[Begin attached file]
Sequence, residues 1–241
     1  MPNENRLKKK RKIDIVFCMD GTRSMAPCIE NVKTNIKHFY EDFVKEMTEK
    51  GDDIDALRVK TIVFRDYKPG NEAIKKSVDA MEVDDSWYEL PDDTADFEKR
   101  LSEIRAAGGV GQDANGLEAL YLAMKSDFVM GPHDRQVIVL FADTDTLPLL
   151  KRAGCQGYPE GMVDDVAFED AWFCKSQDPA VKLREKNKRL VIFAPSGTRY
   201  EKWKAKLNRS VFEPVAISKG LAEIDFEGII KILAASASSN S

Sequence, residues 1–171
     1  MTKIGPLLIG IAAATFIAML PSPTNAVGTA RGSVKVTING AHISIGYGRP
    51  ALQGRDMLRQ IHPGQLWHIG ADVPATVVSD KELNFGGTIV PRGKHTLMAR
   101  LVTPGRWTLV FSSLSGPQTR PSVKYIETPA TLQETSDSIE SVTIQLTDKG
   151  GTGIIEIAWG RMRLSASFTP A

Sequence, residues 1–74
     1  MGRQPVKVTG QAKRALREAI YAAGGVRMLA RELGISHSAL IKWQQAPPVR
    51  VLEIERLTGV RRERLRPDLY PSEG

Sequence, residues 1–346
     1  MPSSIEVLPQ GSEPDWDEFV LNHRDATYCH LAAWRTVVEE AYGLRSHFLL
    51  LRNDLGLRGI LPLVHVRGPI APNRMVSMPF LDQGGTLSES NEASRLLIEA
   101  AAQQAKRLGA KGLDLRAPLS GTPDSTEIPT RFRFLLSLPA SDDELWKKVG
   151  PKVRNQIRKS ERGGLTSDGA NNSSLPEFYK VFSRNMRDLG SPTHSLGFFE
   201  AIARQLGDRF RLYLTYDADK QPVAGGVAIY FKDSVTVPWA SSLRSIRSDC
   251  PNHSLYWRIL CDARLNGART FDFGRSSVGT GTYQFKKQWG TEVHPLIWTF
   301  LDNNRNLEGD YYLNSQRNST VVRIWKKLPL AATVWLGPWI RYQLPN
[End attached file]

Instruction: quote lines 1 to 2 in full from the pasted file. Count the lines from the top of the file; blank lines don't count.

Sequence, residues 1–241
     1  MPNENRLKKK RKIDIVFCMD GTRSMAPCIE NVKTNIKHFY EDFVKEMTEK